Friday, January 22, 2010

Homeric Papyri Service Online

Homer and the Papyri, was first created by Professor Dana Sutton of the University of California, Irvine, to be a database of fragments of the Homeric Iliad and Odyssey that survive on papyrus from Graeco-Roman Egypt.

The Center for Hellenic Studies inherited this valuable data, and the project is now under the editorship of Casey Dué and Mary Ebbott, as part of the ongoing Homer Multitext project.

We are pleased to announce the first publication of a new service for scholars and readers interested in Homeric papyri: The Homeric Papyri Canonical Text Service. This is an application hosted on Google AppEngine. While the service is intended primarily to allow other online applications to discover and retrieve texts and passages of text, it does provide a human-readable interface to these papyri.

The texts as delivered by this service include full editorial markup, in TEI-P5-compliant XML. The human-readable form (visible by default) intentionally hides any text that is not physically present on the papyrus. Future versions of the user-interface to this service may give the option to show or hide editorially supplied text at the user’s discretion.

For more information on the Canonical Text Services Protocol (“CTS”), see the project’s Sourceforge site.

— Christopher W. Blackwell

Thursday, January 21, 2010

Multitext related articles from Google Books

Allen, T. W. 1899. “On the Composition of Some Greek Manuscripts: The Venetian Homer.” Journal of Philology 26: 161-181. 

Monro, D. B. 1883. “On the Fragment of Proclus’ Abstract of the Epic Cycle Contained in the Codex Venetus of the Iliad.” Journal of Hellenic Studies 4: 305-34.

I'll post more as I come across them. Dindorf's editions of the scholia are available as well. 

New, forthcoming, and older Multitext related publications

In May of last year, the Center for Hellenic Studies and Harvard University Press published Recapturing a Homeric Legacy: Images and Insights from the Venetus A Manuscript of the Iliad. This book consists of seven essays and a variety of high resolution images of the Venetus A, the oldest complete text of the Iliad in existence, meticulously crafted during the tenth century ce.

In Spring 2010,  the Center for Hellenic Studies and Harvard University Press will publish Iliad 10 and the Poetics of Ambush: A Multitext Edition with Essays and Commentary. In this book Casey Dué and Mary Ebbott use approaches based on oral traditional poetics to illuminate many of the interpretive questions that strictly literary approaches find unsolvable. The introductory essays explain their textual and interpretive approaches and explicate the ambush theme within the whole Greek epic tradition. The critical texts (presented as a sequence of witnesses, including the tenth-century Venetus A manuscript and select papyri) highlight the individual witnesses and the variations they offer. The commentary demonstrates how the unconventional Iliad 10 shares in the oral traditional nature of the whole epic, even though its poetics are specific to its nocturnal ambush plot.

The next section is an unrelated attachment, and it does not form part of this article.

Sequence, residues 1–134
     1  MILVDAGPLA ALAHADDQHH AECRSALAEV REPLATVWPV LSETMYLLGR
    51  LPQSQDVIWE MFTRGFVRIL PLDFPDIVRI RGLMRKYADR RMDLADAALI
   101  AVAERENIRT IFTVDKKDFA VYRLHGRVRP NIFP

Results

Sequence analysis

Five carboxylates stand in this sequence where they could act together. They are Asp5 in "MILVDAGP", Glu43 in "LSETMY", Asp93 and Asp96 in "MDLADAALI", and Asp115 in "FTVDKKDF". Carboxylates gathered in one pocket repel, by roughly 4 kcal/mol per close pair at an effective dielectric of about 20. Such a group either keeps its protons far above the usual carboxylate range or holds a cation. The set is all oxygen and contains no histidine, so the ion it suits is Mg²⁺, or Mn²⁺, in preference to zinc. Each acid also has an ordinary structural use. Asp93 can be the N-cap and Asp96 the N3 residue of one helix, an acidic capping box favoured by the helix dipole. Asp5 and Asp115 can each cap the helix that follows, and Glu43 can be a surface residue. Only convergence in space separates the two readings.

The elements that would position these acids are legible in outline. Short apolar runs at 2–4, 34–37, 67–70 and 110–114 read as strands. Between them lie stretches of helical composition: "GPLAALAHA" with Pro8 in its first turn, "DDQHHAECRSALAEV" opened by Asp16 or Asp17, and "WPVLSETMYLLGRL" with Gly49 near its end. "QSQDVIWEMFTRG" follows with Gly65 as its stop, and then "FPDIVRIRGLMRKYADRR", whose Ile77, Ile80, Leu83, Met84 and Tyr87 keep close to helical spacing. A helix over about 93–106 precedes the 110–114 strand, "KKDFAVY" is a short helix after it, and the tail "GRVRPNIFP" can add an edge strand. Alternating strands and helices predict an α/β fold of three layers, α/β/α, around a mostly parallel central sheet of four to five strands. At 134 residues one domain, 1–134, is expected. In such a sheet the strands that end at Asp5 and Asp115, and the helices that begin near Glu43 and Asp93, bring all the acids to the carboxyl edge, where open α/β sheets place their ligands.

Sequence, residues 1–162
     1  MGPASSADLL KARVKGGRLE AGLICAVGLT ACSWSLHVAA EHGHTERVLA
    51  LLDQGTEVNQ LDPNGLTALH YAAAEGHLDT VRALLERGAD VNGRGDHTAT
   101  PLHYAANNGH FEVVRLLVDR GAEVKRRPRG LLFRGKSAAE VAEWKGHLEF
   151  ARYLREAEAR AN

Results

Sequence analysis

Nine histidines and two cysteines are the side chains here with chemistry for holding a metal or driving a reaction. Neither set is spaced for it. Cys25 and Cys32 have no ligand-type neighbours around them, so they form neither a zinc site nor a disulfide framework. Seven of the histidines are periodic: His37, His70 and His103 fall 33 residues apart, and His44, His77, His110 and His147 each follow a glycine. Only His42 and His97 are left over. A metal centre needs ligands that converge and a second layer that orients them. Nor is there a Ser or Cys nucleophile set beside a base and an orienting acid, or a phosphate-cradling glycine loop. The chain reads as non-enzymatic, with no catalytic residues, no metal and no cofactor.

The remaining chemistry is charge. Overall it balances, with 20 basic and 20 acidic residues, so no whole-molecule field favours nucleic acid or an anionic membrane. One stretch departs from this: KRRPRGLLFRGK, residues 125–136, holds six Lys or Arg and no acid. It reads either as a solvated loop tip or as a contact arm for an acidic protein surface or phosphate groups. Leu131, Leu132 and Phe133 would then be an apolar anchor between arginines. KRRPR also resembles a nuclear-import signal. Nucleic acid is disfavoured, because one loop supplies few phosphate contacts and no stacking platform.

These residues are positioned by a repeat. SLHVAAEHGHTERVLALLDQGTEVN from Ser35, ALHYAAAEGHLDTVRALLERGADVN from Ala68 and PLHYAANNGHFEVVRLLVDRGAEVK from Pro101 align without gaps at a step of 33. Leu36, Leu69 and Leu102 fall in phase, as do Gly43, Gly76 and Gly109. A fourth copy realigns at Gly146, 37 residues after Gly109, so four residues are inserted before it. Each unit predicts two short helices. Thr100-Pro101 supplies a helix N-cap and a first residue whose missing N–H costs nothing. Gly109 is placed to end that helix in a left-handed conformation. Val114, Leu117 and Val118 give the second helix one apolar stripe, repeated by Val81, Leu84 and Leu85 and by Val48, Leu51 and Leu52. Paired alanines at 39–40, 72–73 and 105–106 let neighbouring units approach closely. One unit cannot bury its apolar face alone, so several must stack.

In early 2009 Digital Humanities Quarterly published a special issue in honor of Ross Scaife, founder of the Stoa Consortium.  See Casey Dué and Mary Ebbott, "Digital Criticism: Editorial Standards for the Homer Multitext," Neel Smith, "Citation in Classical Studies," and Christopher W. Blackwell and Thomas R. Martin, "Technology, Collaboration, and Undergraduate Research."

See also Homeric Questions by Gregory Nagy,  Homeric Variations on a Lament by Briseis by Casey Dué, and Imagining Illegitimacy in Classical Greek Literature by Mary Ebbott, together with a variety of other publications on the CHS website. Coming soon to the CHS website and the Milman Parry Collection of Oral Literature: Albert Lord's The Singer of Tales.

Sunday, January 17, 2010

Philology in the Age of Corpus and Computational Linguistics

I'd like to begin this blog by thanking Greg Crane and Anke Lüdeling for the workshop they organized at Tufts this past week ( This workshop brought together classicists, linguists, and computer scientists. It gave us the opportunity to learn from one another and discuss best practices and new possibilities for Digital Humanities projects. We are grateful for the opportunity to present the Homer Multitext to such a distinguished and innovative group of scholars. Stay tuned to this blog for updates about new and forthcoming developments for the HMT, as we acquire more images, add various texts and transcriptions to the site, and develop new tools for interacting with them.